You need to contact your dr. when you get insurance or see if you qualify for help. When you do check into and do reasearch on the NovaSure procedure. Several of my friends and family have had this done. It is a simple outpatient procedure that taked 90 seconds. They permanently remove the lining of your uterus with a laser. Painfree. Once you spot for 2 days or so your periods are over. Permanently. They do not mess with your ovaries or anything dealing with hormones. So your natural body hormones will not be messed with. You don't have to take hormones or go through menopause. I hope this helps.!
My friends have had lots of success!

Hi K.- Mom of 3 here, had my tubes tied right after my 3rd was born regular delivery not c section. I was blessed with not having any troubles other than being slightly allergic to the suture material and therefore my belly button itched alot. That went away in a few months. I would definetly call your OB. This may still fall under the category of your old insurance because it could relate to childbirth/c-section. Make some callls and don't wait to see your doctor. You have to take of yourself too!

Hi. I am new to this group. My name is K. M. I had my tubes tied about 2 years ago after the birth of my third child. I have had no problems with spotting or strange periods but PMS and cramping are more of a problem now than they were. I have also experienced an almost total loss of sex drive. I don't know if the tube tying caused this or not. I have read some things on the internet that indicates this can happen. Do you have any of these symptoms?

I had this done after my 3rd child, also during my c-section. I've had no problems but have heard about what you're experiencing....and that it can happen w/ a tubal. Hang in there...maybe do a Google search. I've always liked WebMD for good, reliable advice. Take care, N.

I had my tubes tied after having my 2nd child (daughter) last year. I was not on any birth control for a long time before my son or daughter. My son was born April 2004, daughter April 2005. I do have a friend that talked about having her tubes tied as well, she was on birth control prior and that her periods were heavier afterwards, which is something that is expected. For the past 6 months or so, my periods have been pretty normal.. except that they take up to 2 weeks after to end and then it's almost time for my next period... very annoying. I told my doctor about it, this was maybe 2 months ago and she put me on a hormone.. Medroxyprogesterone, 10mg to take on 16 thru the 25 days of my cycle. I did this for 2 months and just had my period and so far so good.. but i'm still waiting to see if I have anymore spotting like I was. My doctor said that it wasn't a big deal to bleed like I was, but that these pills should clear up whatever was going on. If it doesn't then I may have to have a D&C. So I would say that if it's anything like i've been going thru, you may want/need to get check out just to be safe. She did also send me to have an ultrasound external & internal to make sure everything was where it should be, etc.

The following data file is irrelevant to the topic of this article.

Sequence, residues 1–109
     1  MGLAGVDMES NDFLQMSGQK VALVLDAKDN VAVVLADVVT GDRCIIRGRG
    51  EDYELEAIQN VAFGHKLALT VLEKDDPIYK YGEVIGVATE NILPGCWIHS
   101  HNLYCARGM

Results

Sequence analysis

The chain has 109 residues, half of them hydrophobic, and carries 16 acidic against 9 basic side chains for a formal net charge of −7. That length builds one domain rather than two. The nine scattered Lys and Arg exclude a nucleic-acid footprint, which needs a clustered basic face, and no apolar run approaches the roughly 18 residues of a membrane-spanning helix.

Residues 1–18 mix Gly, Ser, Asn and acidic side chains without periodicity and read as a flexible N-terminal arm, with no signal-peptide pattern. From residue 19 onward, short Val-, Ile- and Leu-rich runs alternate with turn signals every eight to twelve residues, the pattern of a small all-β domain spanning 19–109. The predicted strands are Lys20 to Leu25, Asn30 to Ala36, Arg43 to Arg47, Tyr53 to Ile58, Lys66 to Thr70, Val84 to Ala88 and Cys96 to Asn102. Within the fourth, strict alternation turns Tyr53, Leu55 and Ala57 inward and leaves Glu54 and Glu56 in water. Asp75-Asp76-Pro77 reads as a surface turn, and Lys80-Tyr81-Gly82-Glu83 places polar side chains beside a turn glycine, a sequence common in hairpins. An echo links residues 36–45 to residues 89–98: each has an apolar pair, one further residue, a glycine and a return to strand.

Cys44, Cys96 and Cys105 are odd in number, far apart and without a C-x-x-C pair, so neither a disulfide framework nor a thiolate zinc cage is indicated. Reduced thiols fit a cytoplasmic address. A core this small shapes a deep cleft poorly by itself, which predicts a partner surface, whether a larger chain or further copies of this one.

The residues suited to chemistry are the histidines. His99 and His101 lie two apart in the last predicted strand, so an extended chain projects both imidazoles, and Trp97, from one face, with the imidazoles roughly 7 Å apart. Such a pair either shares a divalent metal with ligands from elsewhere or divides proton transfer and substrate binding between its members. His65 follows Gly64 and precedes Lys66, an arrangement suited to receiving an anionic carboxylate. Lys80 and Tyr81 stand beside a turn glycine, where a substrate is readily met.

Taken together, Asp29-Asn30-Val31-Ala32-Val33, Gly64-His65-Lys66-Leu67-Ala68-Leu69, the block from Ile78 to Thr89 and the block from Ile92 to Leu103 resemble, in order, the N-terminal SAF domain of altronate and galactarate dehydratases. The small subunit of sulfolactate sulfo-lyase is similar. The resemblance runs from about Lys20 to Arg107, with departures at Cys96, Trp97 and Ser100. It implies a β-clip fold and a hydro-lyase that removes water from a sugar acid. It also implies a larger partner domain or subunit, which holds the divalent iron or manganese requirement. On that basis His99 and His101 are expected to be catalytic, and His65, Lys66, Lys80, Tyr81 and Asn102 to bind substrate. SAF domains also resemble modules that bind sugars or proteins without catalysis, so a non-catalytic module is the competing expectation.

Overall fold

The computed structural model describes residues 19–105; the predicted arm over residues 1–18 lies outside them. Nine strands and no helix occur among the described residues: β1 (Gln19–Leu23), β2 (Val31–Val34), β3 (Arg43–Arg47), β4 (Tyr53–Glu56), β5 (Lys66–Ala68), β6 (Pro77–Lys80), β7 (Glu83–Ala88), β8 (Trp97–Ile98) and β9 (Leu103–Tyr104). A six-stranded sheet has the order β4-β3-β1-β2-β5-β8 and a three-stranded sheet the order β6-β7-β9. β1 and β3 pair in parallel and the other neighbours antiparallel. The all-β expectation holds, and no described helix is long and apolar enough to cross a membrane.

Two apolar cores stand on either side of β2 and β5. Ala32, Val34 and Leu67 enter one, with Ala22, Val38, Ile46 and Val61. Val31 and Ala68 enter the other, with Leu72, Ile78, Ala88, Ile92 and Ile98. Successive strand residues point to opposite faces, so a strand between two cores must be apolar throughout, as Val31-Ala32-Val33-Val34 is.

Hope this helps.


Hey K.! I am M.. I have older kids; John will be thirteen this month, and Angela is eleven. I live on the outskirts of Anderson, near 85 and the lake. Stephen is my husband of four years & he is a keeper too!

I had my tubal several years ago, and while I am glad I had it done, I had horrible complications. Nearly a year after dealing with the surgical complications my cycles seemed to get worse and worse. I have over a week of heavy bleeding, with several days of severe cramping that sometimes starts the day before my cycle does. I discussed this with several doctors, and they all said that it is a side effect rarely reported, but it is pretty common.

It has been almost ten years since I had my tubal, and my cycles are still pretty severe. I find that when I can't curl up and nap, rx strength motrin seems to work best so I can function.

Oh my gosh! I thought that I was the only one that suffered from this problem. I have the same thing that happens to me. I have had my tubes tied too. I didn't know if this is what caused this but now it makes more sense. I have no clue how to handle this, but I have had my tubes tied for over 4 years and have had this problem for that long. Let me know if you find out any ways to stop this.